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Time = Money

Learn what you're worth and when to outsource.
Chelsea Greenwood


Ticktock. Ticktock. Ticktock. For some, that’s what the
passage of time sounds like. For others, it goes more like
this: Cha-ching. Cha-ching. Cha-ching.

The most productive people—from Fortune 500 CEOs to 20-something yuppies—
view their time in dollars and cents. Yet many of us persist in thinking, “It’s cheaper
to do it myself,” or “Why pay someone else to do something I can do?” The answer, of
course, is that your time is precious and could be spent on activities that ultimately
reap great rewards—financial, as well as personal.

Even if you aren’t a victim of your own misguided work ethic or thriftiness, it’s easy
to get sucked into a time-wasting task—filing, doing laundry, entering data. You think
that chore will just take a few minutes, but over time, all the busywork adds up.

So how are you budgeting your time? Just as we scrutinize home and office budgets
down to the last penny, it’s important to look at how we’re spending our time and
whether or not each activity is a worthy allocation. (See sidebars on the following
pages to help you figure out the value of your time and what’s worth doing yourself.)
Seriously, why spend an hour on data entry—which you could pay someone maybe
$10 an hour to do—when you could spend those 60 minutes preparing a proposal that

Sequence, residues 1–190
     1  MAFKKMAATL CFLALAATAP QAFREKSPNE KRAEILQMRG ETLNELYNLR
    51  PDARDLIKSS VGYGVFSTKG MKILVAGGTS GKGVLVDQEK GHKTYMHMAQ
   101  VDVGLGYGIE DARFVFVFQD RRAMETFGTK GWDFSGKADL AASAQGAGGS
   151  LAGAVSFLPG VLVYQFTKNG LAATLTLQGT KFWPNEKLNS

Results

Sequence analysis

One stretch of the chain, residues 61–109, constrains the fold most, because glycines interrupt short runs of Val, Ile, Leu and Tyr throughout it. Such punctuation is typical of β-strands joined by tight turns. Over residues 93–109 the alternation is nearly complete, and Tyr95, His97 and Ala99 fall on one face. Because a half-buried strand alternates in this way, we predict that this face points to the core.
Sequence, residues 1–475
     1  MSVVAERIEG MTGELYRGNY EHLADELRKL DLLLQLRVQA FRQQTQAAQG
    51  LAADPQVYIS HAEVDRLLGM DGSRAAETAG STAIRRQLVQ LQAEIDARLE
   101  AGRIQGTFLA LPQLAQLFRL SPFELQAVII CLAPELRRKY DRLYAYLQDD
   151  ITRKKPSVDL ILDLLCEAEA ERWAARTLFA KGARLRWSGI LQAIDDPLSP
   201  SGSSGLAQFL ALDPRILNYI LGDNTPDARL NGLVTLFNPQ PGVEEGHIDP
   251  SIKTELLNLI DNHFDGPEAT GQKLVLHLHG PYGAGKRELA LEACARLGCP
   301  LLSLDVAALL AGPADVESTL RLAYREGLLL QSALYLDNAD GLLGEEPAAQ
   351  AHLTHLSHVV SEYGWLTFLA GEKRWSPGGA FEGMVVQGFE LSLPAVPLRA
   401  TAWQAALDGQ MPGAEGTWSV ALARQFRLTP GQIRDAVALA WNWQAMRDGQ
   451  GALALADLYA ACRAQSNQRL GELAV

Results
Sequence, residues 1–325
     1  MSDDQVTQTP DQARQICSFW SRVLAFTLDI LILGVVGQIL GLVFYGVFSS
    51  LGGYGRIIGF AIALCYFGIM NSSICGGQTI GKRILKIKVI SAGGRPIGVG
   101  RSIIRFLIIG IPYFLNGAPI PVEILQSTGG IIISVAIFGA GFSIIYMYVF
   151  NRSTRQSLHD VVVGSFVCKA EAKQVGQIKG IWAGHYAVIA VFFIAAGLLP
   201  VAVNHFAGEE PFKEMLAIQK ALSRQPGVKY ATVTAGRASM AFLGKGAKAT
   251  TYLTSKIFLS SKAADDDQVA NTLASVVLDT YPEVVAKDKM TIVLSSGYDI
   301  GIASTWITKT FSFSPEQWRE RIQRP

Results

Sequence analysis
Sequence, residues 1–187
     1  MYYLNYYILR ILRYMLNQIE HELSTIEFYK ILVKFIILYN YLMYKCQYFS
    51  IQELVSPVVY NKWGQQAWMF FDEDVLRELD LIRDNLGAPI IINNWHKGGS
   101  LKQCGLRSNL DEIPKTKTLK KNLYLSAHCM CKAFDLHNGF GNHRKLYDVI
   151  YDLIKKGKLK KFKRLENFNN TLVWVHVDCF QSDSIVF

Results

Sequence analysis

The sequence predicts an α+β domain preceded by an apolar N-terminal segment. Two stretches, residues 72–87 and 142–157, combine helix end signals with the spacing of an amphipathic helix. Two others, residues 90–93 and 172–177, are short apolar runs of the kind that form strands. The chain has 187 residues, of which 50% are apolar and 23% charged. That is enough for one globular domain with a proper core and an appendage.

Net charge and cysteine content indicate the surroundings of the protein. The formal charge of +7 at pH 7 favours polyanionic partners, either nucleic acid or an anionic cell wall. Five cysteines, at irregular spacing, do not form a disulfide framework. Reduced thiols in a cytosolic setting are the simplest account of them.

could result in thousands of dollars in returns?

That’s just what Debra Cohen wondered. This self-described “mompreneur” started
a home-improvement contractor referral business in 1997 when the first of her two
daughters was born. “In the beginning, I tried to do as much as I could on my own
to save money, and, in the end, it cost me in time,” she says. “I quickly realized that I
needed help in order to focus on the money-making aspects of my business.”

Resourceful Outsourcing

Cohen was pleased to find outsourcing more economical than she thought. After hours
spent unsuccessfully trying to design her own logo, she figured she’d have to hire an
expensive agency. But she found a retired artist for much less.

When her business, Home Remedies of NY Inc., started to really take off, Cohen found
herself at another critical juncture. “I couldn’t keep up with my job orders, follow-up
calls, invoicing, etc. We had just planned our fi rst family vacation in more than five years
and couldn’t figure out how I could possibly leave my business.” At that point, Cohen
found a local mom who was looking for work. She trained and hired her immediately, and
the woman still works with her as her virtual assistant.

Today, Cohen’s workforce also
includes a webmaster, an accountant
and another stay-at-home
mom who used to practice law
but who now handles structure
and trademark issues. “With the
help of my outsourced workforce,
I’m able to focus my limited work
hours [three to five a day] on
client follow-up, networking and
contractor recruiting—the three
most important aspects of my business,” she says.

Cohen is equally judicious about her personal time. As her business thrived, she hired
a housekeeper and gardener. And when work is busier than usual, she doesn’t hesitate
to order dinners in or buy prepared meals. “At the same time, I try not to compromise
time with my family. I may order in dinner, but we will still sit down at the table together
to eat as a family. After all, they are the reason that I decided to work from home in the
first place.”

Practicing
Interdependence

With so many online
resources available, as well as
a sizable population of unemployed
people eager for freelance